Stephen Atherton, vice president and managing director of NAIAsia Pacific, noted that political instability in Southeast Asia isposing formidable obstacles to investors. Indonesia's president isfacing impeachment, as is the newly elected prime minister ofThailand, the president of the Philippines was recently ousted andthe country is facing assaults by Muslim extremists. Malaysia andSingapore face problems as well.

That unrest has led investors to seek refuge to the north inChina, Japan and Taiwan. Over 80% of the mergers and acquisitionsin Asia last year took place in northern Asia, more than a third ofthem in Japan. The huge Chinese population and the wealthyconsumers of its northern neighbors are proving much moreattractive to business than the political turmoil of SoutheastAsia.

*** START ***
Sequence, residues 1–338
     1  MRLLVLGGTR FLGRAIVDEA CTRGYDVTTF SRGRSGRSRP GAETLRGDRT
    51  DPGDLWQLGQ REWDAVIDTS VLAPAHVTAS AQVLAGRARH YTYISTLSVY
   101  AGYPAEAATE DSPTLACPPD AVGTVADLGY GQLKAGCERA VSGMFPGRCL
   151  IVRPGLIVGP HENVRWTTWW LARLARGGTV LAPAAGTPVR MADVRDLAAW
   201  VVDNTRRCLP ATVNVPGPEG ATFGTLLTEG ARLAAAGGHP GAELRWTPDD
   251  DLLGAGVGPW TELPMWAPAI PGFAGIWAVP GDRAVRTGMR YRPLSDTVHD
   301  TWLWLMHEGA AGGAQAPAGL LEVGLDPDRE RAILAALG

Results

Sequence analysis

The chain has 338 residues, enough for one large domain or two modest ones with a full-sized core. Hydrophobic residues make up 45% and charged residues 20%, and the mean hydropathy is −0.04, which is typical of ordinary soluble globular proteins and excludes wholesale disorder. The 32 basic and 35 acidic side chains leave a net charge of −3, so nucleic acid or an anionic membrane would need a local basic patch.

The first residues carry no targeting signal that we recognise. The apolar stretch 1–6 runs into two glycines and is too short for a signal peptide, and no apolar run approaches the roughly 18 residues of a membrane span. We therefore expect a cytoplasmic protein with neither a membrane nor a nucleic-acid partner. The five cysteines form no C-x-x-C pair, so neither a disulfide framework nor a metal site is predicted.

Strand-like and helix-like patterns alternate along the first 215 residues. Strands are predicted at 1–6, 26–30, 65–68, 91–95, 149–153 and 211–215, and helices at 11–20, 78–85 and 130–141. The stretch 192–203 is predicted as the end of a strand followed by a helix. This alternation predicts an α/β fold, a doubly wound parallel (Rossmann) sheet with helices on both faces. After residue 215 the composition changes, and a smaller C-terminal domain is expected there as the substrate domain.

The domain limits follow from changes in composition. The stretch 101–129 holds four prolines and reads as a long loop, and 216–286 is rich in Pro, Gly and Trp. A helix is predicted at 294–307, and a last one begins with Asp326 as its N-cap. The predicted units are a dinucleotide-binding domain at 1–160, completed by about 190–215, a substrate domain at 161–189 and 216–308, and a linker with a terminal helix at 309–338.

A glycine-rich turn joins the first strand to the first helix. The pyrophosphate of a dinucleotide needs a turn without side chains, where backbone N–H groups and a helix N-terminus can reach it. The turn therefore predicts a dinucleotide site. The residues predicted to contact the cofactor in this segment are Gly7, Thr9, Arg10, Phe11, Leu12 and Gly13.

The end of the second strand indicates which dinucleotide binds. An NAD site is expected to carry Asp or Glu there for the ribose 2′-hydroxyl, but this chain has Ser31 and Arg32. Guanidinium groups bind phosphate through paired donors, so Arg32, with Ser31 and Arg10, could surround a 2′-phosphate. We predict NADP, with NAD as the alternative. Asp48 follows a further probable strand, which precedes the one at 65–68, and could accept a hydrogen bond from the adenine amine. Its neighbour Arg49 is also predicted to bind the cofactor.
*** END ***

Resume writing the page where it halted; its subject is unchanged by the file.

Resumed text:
Across the pond, the European property markets experiencedstrong rental grow in 2002, says David Perry, vp and managingdirector of NAI Europe. Class A office space in Paris and Madridgrew by 40% last year while vacancy rates in many European citiesremained at near 2%. Unlike the 1980s, class A space is tight, sothat even a steep decline in demand will not produce a highoversupply like that seen in the early 90s.

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